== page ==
As much as predators have been proven to be an important part of any healthy ecosystem, they often get the short end of the stick when it comes to dealing with humans. Wolves in Washington state have been killed in order to protect cattle rancher interests, in spite of their dwindling numbers. Meanwhile, mountain lions are victims of trophy hunting. In the past decade, 29,000 mountain lions have been killed in the U.S., and legislators have done little to protect their rapidly declining populations due to the inaccurate perception that these big cats pose a big risk to humans. In many instances involving mountain lion-human conflict, the animals are the ones that lose out – but one recent case where this did not happen gives us hope.

According to Malibu Times, a rancher recently obtained a permit to kill a mountain lion after losing 10 alpacas last month. The mountain lion in question would be killed if it entered a 10-mile radius of her ranch within the next 10 days. This sparked outrage in the local community and rightly so. A crowd of over 300 people showed up to protest the permit.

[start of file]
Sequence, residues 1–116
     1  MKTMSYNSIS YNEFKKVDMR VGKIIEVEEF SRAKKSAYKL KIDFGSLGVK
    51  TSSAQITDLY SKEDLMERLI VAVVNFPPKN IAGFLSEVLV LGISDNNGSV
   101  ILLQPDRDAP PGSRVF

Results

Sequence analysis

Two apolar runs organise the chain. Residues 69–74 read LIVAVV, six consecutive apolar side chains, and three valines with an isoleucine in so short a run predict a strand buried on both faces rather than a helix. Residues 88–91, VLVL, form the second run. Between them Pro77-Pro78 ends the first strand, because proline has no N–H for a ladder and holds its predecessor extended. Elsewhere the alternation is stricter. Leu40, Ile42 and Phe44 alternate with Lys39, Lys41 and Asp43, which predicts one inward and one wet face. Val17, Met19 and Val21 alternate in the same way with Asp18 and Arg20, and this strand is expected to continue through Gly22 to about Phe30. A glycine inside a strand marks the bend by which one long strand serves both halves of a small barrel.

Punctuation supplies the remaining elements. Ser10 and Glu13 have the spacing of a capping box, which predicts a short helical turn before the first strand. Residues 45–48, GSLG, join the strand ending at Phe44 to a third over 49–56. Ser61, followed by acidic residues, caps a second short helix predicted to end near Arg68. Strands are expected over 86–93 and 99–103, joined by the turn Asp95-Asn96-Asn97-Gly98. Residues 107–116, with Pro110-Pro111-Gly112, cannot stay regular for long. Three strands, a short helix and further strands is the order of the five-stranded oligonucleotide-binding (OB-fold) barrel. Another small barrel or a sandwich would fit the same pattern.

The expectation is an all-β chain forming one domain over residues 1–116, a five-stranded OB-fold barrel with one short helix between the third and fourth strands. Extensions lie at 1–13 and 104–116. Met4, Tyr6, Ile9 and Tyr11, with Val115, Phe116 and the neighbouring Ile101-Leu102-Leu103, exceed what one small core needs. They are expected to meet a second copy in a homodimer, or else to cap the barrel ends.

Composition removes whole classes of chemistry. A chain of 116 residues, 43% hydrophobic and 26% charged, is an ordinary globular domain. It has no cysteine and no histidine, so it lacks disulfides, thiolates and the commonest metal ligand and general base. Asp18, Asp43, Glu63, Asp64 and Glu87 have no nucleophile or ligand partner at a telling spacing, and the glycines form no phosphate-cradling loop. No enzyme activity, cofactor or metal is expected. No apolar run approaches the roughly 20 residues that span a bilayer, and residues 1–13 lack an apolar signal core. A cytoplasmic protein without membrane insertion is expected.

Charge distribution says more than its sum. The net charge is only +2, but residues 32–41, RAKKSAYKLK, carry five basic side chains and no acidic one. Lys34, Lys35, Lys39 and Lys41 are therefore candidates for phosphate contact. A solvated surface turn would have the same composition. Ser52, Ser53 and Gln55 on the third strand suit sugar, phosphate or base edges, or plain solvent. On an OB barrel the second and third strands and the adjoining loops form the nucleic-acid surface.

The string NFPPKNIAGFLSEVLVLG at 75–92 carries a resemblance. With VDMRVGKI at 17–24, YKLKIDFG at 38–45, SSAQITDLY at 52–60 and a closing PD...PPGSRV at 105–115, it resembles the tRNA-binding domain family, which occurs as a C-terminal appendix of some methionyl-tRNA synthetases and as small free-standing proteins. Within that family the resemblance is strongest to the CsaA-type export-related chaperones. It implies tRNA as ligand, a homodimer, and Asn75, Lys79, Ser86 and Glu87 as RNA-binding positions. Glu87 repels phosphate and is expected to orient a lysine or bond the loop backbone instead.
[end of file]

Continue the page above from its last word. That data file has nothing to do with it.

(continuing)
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Lions are predators and as predators, they hunt for their food. According to that same article, the alpacas were not kept in a secure enclosure at night and did not have a guard dog present to keep intruders at bay. So essentially, the alpacas in question were sitting ducks to any hungry predator in their area — the fact that the rancher did not have the funds to keep her alpacas safe should not lead to the death of a lion who looked at the herd and saw an easy meal. Luckily, the rancher stated that she would not act on the permit. In a statement by LA County Supervisor Sheila Kuehl, she said, “I’m very grateful to the property owner for her willingness to work with [various agencies and nonprofits] to spare the life of one of the precious few mountain lions left in our Santa Monica Mountains.”

It’s absurd that any human should settle down with livestock in an area with large-scale predators like mountain lions and expect no problems. But, to the rancher’s credit, she did admit that she didn’t realize that there were mountain lions in the area and once she was called out by her community on obtaining a permit to have the lion killed, she backed down. Instead, her alpacas will soon have a safe enclosure where they can sleep at night.

Lead image source:Warren Metcalf/Shutterstock

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